How South Africa’s anti-trust agencies could influence BHP’s Anglo deal

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BHP’s Proposed Acquisition of Anglo American Faces Regulatory Hurdles in South Africa

By: Samkele Mchunu

BHP Group’s ambitious $39 billion bid to acquire Anglo American has set the stage for a complex regulatory process in South Africa, where both mining giants have significant operations. As BHP considers its next move following the rejection of its initial proposal, attention now turns to the regulatory landscape that will govern any potential merger.

The proposed acquisition, if pursued, could reshape the mining industry landscape, with implications for jobs, competition, and ownership structures in Africa’s most industrialized economy.

Antitrust Agencies

South Africa’s Competition Commission stands as a critical gatekeeper in this process. Any transaction that results in a change of control over Anglo’s businesses in the country must be notified to the Commission. Even if Anglo were to agree to spin off certain assets, such as Anglo American Platinum and Kumba Iron Ore, it would still retain significant interests in South Africa, including the iconic De Beers’ Venetia diamond mine.

Competition Commission Hurdles

The Competition Commission evaluates deals not only from a competition standpoint but also considers broader public interest aspects, such as the impact on small and medium-sized businesses, local ownership, and workers’ equity participation. However, some stakeholders, including law firms like Bowmans, have voiced concerns that certain public interest aspects could deter investment if applied inflexibly.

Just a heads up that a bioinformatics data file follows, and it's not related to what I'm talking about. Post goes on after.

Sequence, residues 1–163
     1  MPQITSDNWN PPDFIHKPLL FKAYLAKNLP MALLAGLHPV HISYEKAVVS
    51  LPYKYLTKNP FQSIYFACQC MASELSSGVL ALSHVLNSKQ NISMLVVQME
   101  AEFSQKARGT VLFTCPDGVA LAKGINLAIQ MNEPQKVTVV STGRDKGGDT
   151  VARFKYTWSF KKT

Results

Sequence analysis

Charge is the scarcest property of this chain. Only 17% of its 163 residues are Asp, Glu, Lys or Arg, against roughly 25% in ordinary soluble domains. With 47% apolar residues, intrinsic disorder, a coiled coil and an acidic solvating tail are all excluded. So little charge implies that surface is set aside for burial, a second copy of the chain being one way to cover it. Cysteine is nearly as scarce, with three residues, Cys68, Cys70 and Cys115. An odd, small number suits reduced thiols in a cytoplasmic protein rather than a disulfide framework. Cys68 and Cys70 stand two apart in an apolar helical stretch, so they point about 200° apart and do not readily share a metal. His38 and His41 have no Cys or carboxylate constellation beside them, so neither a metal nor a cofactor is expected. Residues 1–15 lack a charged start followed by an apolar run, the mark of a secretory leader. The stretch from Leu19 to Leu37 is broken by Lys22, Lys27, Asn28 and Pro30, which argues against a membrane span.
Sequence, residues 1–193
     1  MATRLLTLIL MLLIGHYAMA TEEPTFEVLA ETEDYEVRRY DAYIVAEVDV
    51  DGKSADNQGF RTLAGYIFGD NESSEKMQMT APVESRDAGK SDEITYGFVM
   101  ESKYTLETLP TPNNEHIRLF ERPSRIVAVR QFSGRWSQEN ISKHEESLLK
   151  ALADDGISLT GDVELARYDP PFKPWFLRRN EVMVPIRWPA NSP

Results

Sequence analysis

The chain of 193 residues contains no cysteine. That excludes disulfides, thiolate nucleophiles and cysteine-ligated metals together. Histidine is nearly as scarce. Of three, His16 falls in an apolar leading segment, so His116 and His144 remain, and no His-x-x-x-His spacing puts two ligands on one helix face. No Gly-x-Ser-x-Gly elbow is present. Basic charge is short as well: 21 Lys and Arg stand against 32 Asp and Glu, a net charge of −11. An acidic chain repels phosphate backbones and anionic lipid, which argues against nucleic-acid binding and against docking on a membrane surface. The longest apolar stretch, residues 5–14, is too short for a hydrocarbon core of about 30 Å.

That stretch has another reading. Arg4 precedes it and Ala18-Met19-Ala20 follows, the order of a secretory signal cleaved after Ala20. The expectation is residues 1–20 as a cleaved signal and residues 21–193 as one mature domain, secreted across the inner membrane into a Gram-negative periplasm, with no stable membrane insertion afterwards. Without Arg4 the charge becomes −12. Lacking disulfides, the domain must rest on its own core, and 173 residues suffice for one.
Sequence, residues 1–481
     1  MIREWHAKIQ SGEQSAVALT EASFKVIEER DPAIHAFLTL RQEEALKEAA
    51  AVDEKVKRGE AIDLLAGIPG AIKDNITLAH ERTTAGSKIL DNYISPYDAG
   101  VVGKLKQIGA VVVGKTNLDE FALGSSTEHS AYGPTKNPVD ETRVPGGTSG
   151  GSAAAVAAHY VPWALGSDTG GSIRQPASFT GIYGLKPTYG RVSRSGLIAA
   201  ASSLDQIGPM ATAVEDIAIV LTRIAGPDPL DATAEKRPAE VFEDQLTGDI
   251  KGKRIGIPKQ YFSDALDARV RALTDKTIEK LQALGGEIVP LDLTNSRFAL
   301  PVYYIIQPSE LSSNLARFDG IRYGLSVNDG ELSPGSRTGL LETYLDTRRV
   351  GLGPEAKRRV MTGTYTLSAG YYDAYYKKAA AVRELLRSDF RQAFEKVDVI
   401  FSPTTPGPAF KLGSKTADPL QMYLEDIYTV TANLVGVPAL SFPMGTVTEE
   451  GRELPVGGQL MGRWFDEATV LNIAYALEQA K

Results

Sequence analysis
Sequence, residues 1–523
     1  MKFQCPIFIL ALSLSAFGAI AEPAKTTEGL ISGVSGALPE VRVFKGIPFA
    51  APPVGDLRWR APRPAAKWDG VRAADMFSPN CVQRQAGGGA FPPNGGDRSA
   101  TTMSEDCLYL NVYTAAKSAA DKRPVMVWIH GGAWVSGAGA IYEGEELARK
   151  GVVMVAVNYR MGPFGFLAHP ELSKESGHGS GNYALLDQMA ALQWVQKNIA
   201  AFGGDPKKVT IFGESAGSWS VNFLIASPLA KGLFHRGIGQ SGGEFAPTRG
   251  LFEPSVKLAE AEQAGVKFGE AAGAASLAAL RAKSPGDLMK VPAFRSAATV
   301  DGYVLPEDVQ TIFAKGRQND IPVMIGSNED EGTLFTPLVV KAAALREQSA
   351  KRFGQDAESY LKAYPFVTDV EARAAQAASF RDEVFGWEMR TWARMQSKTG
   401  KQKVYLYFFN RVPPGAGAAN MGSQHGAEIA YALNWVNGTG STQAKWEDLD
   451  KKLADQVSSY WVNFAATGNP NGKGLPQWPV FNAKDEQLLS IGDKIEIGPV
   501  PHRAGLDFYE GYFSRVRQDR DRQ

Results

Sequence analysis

Mining Rights Transfer

Another layer of regulatory scrutiny comes from South Africa’s Mineral and Petroleum Resources Development Act. Any transfer of mining rights requires approval from the Ministry of Mineral Resources and Energy and the Ministry of Finance. While legal experts like Michelle Le Roux anticipate minimal obstacles in this regard, the ministries have a mandated 90-day period to evaluate the transfer, which can be extended for thorough evaluation.

Labour Unions

South Africa’s registered labour unions play a significant role in merger proceedings. They have the right to access information related to the merger’s impact on employment and can participate in hearings, influencing antitrust agencies’ decisions.

Protracted Process

Navigating South Africa’s regulatory landscape is no swift task. Large mergers, like the proposed BHP-Anglo deal, can take anywhere between six months and three years to conclude. Factors such as stakeholder opposition, complexity of issues, and appeals against regulatory rulings contribute to this protracted timeline.

As BHP evaluates its next steps, all eyes remain on the regulatory process in South Africa. With stakeholders poised to scrutinize every aspect of the proposed acquisition, the final deal’s shape and potential conditions are yet to be determined. The journey ahead promises to be one of meticulous evaluation and robust engagement among diverse stakeholders.

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